A Calamity Called Evo / 14ymedio, Carlos Alberto Montaner

Evo Morales, president of Bolivia. (Flickr)
Evo Morales, president of Bolivia. (Flickr)

14ymedio, Carlos Alberto Montaner, Miami, 24 January 2016 — Evo Morales has already served 10 years as president of Bolivia. He is the person who has occupied the post for the longest consecutive time since Simón Bolívar was inaugurated in 1825. He is in his third term. It will end in 2019.

It seems too little. He is not happy. He wants to be reelected when that date arrives. For him, generational change and the circulation of the elites sparks nervous laughter. He has called a referendum to be able to run a fourth time, which would put him in the presidential chair in 2025, and celebrating two hundred years since the inauguration of the Republic.

Then he wants to continue, and continue, and continue. It is very amusing to be president. He likes living in the Quemado Palace. He knows nothing of law, economics, history. He knows nothing about anything, except the infinite goodness of coca, a plant whose cultivation is increasingly widespread, to the sadness of the Drug Enforcement Administration.

It doesn’t matter. At the end of the day, the one who governs is his vice president, Álvaro García Linera, a Marxist professor, mathematician and sociologist with a hideous revolutionary past, who concerns himself with the official carpentry. Evo, meanwhile, shows off, plays football, avoids talking and greatly entertains himself.

There is something unhealthy about the need to rule that Evo exhibits. It is the living representation of the platonic idea of narcissism. He has twice amended the Constitution. If he wins the referendum he won’t have to update the text again. He will be able to be reelected indefinitely and will die in the royal bed, like the ancient monarchs.

Will he succeed? He should lose, but who knows. He has wildly increased public spending. When he came to power the government consumed 21.05% of GDP. Now it is 43.26%. It is the second highest per capita public spending in Latin America. The first is Ecuador (44.17%). Chile, the best governed nation in Latin America, dedicates 24.88% of GDP to this category.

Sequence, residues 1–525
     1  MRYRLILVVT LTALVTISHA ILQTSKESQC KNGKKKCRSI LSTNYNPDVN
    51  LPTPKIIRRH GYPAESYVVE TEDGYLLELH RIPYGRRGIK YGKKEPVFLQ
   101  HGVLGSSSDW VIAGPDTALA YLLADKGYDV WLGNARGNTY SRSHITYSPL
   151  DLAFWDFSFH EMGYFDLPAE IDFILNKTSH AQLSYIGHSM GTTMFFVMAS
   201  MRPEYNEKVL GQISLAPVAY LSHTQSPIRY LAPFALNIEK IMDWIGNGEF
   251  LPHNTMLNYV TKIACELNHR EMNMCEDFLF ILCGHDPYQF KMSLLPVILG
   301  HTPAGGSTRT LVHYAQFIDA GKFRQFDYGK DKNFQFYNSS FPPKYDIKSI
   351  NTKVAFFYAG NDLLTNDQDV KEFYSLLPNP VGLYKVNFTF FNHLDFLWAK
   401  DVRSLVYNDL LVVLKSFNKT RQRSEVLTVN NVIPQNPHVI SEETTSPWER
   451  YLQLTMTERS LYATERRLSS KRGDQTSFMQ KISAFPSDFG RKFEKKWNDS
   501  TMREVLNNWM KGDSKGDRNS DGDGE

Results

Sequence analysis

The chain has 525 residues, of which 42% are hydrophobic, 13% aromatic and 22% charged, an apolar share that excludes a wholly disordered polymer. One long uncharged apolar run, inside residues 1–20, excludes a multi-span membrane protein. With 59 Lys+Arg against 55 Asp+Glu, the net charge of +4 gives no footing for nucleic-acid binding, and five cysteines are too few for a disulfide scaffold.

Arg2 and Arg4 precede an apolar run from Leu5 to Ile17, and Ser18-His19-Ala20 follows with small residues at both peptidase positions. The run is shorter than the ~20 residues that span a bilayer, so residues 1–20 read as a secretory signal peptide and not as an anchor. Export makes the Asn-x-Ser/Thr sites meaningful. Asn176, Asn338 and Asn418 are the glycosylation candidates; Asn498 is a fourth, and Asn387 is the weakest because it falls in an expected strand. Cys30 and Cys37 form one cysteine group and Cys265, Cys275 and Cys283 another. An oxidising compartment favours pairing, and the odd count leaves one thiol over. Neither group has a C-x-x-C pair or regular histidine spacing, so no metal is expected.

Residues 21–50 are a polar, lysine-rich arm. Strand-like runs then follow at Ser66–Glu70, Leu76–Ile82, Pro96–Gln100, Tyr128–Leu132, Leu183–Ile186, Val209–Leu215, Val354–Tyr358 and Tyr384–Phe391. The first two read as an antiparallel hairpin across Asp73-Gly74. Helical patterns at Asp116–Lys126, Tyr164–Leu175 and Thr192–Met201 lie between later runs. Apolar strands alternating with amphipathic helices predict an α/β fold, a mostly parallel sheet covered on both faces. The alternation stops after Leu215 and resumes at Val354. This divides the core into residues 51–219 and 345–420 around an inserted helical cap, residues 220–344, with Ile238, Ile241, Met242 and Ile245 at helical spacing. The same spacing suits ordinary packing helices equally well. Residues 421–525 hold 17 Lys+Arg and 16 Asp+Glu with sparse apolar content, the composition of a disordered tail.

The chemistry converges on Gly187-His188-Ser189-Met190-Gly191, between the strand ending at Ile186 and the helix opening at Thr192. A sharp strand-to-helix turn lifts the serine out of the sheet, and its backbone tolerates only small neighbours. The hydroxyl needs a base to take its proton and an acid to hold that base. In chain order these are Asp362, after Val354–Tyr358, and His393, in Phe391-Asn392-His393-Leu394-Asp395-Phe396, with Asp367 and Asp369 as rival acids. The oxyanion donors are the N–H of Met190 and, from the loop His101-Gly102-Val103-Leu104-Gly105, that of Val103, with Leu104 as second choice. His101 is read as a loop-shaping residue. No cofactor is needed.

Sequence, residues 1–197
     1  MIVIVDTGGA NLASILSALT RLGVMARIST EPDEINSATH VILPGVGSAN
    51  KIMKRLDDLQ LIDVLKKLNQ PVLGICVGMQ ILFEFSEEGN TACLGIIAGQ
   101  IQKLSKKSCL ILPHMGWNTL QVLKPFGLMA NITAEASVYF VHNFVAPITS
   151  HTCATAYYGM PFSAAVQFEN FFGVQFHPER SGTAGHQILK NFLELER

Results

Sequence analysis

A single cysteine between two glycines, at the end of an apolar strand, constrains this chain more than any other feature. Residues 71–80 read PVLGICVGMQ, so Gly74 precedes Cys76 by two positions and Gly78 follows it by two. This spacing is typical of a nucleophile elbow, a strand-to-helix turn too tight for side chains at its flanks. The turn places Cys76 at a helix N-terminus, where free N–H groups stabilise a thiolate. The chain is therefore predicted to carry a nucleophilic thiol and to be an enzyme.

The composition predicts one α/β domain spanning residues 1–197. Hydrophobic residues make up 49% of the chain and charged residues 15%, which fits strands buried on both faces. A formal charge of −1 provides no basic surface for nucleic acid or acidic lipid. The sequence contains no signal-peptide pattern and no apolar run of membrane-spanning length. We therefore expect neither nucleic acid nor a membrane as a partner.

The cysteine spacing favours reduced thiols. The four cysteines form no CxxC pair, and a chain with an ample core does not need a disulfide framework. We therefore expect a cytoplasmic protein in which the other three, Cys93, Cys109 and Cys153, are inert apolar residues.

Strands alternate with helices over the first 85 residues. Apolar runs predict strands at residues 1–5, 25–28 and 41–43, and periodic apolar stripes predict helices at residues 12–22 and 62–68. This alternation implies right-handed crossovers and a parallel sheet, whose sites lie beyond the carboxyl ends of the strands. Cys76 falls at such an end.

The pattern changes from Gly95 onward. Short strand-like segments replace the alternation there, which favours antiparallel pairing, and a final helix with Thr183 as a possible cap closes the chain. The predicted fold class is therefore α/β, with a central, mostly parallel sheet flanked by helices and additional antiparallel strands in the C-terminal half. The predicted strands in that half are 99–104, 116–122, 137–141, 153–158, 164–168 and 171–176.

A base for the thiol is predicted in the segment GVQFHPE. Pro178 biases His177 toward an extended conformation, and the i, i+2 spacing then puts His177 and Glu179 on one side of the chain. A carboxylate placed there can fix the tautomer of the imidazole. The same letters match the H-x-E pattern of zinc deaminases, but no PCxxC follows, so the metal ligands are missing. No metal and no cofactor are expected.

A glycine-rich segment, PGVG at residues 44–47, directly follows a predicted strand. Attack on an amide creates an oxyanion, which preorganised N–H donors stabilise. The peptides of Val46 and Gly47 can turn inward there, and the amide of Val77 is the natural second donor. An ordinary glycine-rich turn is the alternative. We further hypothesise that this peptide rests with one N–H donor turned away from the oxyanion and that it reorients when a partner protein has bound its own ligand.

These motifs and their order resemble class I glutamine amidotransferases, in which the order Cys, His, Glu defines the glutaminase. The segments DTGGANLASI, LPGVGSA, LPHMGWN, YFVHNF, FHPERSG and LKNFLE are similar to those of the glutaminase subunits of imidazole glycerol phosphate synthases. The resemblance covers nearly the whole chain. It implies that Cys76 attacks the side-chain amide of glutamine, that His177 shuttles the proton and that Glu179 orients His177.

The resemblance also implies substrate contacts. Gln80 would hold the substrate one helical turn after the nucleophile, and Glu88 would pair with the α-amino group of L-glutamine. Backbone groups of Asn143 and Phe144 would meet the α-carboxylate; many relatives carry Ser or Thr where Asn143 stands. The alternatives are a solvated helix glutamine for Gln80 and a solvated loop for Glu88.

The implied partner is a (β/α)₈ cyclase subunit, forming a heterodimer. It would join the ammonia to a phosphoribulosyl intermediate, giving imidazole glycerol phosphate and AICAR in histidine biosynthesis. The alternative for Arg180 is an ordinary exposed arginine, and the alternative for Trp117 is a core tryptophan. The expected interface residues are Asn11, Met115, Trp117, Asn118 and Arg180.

That enormous public spending wouldn’t be so serious if the money belonging to everyone was handled honorably, but it isn’t. According to Transparency International’s Perception Corruption Index, Bolivia is a pigsty: its score is 35. In this cataloging, with anything under 50 the country is in very bad shape. Bolivia ranks 103 out of 175 countries, one of the worst in Latin America.

Bolivia is headed into a crisis. It will probably devalue its currency after the referendum. Like good populists, neither Evo Morales nor his vice president believe in economic freedom nor in the virtues of the market. They believe in Statism and cronyism, and have confiscated several key companies, subscribed to the fateful recipe of 21st Century Socialism, and, in collaboration with the Cuban security services, have not ceased to imprison their adversaries, exile them, and, once in a while, assassinate them.

When they came to power, Bolivia received a reasonable ranking on the Index of Economic Freedom from the Heritage Foundation. It was classified as “moderately free.” Today it is in the lowest ranks, and its economy classified as “repressed.” This is an infallible recipe for disaster. It is enough to review the list to confirm that greater freedom and openness corresponds to a better level of development.

But, in my judgment, the greatest damage has been in the institutional terrain and in the intimate fabric of the Bolivian nation. The multinational State is a stab to the idea of a republic of citizens equal before the law, united by constitutional patriotism, as Simón Bolívar claimed and as Victor Pas Estenssor tried to carry out with the unifying revolution of 1952.

Evo Morales returned Bolivia to the pre-Colombian period, as if that hostile and fierce world of ethnic remnant that had frequently made war had been a kind of peaceful confederation of beatific people.

He did not understand that the very idea of the Republic of Bolivia was the product of a modernity embodied in the dreams of Bolívar and Sucre, and not in the fantasies of Tupac Katari, inevitably erased from history by the insensitive European steamroller, as happened throughout the New World with indigenous cultures.

On February 21 we will know if this calamity called Evo Morales has an expiration date, or if he came to power to remain indefinitely. Very soon now.